Topsham Past

You don’t have to spend much time in Topsham before you start to get the impression that our illustrious town has a rich history. From the beautiful architecture to the abundance of Churches and pubs (for a relatively small town) to the stunning riverside setting, it is of no surprise that Topsham has been the site of many comings and goings over the year. Here at The Passage House Inn we are proud of our characterful, ancient building. A pub, originally named The Ferry Inn, opened on the current site in 1721 and was renamed after 101 years in 1822. In a previous post we looked briefly at the ferry men who left their mark on the pub, namely TN Parker and Charles Hall. But what of the wider community around the pub? And what was happening before the 1700’s in Topsham?

A bit of research shows that Topsham has been a hub of activity for 10,000 years with evidence of Mesolithic hunting and the finding of Neolithic tools. In 1999 Archaeologists also discovered evidence of a 1st Century Roman Fort in Butts Park. According to the enthusiast at Exeter Memories, it is thought that ‘the name derives from Topp who was an Anglo Saxon landowner, while ham is a small village or settlement. There have been many variations of the name including Apsham, Apsam, Toppeshore, Toppeshant and Toppesham.’ Although it’s name may insinuate that it is a village, Topsham has evolved over the years and in 1300, was granted it’s very own town charter, giving it a degree of independence from nearby Exeter and allowing it to claim the title of ‘town’.

A little drama occurred a few hundred years later when Topsham was an important stronghold for Royalist forces during the English Civil War. A Parliamentary fleet attempted to land at Topsham in 1642 but was attacked by the Royalist defenders resulting in the capture of 2 ships and the burning of a third. However, despite their ferocious attempts to defend the town, in 1645, General Fairfax drove the Royalist forces out prior to the surrender of Exeter in April 1646.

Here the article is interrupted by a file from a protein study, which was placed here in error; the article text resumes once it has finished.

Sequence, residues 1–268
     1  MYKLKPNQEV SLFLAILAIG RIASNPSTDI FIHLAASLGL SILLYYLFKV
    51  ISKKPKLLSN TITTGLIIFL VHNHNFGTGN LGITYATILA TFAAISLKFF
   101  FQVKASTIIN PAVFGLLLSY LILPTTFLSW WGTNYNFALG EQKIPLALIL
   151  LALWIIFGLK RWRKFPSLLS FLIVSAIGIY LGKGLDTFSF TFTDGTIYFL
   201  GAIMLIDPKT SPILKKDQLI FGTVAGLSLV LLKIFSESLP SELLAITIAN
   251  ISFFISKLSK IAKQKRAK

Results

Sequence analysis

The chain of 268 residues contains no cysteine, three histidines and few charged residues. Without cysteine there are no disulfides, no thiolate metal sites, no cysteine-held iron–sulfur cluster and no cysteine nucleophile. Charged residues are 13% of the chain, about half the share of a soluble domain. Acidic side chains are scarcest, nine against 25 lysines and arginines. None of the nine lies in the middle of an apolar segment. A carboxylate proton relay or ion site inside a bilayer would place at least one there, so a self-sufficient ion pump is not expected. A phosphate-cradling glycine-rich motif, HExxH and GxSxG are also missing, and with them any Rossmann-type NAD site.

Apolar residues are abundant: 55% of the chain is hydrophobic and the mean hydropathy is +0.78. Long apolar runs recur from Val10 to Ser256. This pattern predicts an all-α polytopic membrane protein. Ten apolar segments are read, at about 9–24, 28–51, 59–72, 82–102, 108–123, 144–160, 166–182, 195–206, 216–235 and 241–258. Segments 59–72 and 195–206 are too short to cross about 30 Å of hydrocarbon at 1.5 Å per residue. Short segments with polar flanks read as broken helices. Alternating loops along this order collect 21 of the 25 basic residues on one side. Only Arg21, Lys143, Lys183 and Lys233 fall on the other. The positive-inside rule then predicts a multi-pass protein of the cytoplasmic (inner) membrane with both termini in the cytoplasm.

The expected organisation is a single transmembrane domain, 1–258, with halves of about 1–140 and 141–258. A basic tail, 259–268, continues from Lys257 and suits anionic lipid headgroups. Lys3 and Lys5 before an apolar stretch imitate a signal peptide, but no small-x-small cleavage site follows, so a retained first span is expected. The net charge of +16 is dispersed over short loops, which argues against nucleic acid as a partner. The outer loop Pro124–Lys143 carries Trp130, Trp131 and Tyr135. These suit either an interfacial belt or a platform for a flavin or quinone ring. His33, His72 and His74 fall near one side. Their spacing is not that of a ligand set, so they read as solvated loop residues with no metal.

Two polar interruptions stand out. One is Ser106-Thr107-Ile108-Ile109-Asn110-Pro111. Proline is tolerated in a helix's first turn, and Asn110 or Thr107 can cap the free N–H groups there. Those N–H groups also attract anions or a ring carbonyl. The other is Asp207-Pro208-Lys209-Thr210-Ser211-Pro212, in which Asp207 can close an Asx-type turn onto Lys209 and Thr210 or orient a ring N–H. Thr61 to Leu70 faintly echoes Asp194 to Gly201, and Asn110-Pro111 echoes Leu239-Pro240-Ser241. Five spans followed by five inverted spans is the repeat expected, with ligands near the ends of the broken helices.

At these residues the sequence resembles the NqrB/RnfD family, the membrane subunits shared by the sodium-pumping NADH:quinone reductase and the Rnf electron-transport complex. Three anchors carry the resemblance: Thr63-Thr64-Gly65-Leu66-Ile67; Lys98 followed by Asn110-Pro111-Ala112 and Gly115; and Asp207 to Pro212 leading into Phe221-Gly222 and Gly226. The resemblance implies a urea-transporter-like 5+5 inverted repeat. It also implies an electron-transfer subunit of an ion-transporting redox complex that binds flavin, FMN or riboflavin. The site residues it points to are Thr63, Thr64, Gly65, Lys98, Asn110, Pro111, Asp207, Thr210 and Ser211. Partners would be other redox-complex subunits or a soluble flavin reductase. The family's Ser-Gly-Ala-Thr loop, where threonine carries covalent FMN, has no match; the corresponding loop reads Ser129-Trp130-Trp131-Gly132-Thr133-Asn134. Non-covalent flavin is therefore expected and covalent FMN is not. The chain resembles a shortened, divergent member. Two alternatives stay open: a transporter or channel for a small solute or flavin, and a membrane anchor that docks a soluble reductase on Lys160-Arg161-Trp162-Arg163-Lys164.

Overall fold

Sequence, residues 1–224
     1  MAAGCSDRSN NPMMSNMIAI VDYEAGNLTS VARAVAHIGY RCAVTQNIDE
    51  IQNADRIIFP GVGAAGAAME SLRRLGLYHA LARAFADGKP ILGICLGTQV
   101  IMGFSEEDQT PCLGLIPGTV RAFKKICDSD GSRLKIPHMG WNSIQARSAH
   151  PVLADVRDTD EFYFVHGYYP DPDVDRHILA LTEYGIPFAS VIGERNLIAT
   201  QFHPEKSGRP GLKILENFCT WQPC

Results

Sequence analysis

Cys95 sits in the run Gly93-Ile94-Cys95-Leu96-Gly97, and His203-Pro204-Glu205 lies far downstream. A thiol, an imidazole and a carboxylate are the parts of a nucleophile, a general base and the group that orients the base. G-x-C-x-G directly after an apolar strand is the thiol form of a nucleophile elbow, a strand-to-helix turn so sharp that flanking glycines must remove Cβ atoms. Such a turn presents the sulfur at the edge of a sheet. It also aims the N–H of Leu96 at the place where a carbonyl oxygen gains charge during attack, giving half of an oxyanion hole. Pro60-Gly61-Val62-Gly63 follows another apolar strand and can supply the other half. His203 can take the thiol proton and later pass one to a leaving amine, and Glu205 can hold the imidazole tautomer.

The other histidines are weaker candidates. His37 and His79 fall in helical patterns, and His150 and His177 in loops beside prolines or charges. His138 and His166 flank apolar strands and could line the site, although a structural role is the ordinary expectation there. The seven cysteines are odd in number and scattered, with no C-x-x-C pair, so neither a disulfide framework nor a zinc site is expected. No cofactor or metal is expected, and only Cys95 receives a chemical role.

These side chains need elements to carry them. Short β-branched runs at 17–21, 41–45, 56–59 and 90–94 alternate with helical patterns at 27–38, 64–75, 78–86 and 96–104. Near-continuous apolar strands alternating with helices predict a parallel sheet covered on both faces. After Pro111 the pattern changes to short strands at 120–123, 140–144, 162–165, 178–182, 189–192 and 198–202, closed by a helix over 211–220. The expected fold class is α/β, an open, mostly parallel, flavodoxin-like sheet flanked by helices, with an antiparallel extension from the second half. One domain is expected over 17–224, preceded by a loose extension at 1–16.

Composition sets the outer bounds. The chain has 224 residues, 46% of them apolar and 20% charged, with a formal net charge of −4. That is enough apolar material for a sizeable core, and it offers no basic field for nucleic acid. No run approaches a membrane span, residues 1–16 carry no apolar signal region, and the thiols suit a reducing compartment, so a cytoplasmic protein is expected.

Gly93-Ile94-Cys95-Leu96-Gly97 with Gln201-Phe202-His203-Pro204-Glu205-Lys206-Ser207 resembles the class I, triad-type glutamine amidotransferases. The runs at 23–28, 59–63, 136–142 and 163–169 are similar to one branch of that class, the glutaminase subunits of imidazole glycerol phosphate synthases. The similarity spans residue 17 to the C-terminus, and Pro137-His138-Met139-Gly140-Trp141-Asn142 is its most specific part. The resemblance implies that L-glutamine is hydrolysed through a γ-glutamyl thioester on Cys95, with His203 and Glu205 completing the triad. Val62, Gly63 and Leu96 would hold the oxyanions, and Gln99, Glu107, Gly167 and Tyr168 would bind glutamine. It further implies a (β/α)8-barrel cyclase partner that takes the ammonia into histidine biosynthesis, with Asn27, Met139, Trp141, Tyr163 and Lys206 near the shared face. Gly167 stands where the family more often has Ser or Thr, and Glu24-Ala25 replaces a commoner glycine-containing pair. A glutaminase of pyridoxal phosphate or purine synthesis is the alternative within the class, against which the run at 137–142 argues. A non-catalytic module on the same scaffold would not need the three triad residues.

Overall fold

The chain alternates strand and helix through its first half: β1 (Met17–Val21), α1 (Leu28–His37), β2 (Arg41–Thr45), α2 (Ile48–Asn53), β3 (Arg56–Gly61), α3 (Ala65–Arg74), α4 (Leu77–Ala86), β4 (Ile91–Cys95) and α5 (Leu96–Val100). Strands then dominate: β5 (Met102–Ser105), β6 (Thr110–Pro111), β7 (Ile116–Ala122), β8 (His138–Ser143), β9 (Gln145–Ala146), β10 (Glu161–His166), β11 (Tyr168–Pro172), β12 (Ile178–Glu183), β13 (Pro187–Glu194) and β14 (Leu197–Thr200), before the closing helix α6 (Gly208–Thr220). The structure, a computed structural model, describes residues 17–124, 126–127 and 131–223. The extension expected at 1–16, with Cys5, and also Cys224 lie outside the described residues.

By the 17th Century, Topsham was one of the busiest ports in England and when shipbuilding was revived from 1790, there were at least seven shipbuilding yards in the town. In addition to many civilian vessels, 27 warships were built in Topsham with the frigate Fawn, being the largest weighing in at an impressive 500 tons. One of the most prominent ship builders was master mariner, John Holman, who founded the West of England Marine Insurance Company, now one of the countries largest marine insurance companies.

Although shipbuilding may not be the centre of Topsham’s economy anymore, the river still plays an important role in defining the town. Locals and tourists alike enjoy walking down the Exe Estuary Trail to admire the view, taking to the water on boats and canoes and generally spending time in the vicinity of this Area of Outstanding Natural Beauty. Here at The Passage House Inn we feel blessed to be situated so wonderfully close to the river and nestled in the heart of Topsham. As the summer unfolds before us, we look forward to welcoming many of you through our doors to enjoy a delicious meal with a drink or two by the River Exe in beautiful, historical Topsham.

Goat Walk Geoff.jpg
A beautiful painting of Topsham by local artist, Geoffrey Teece

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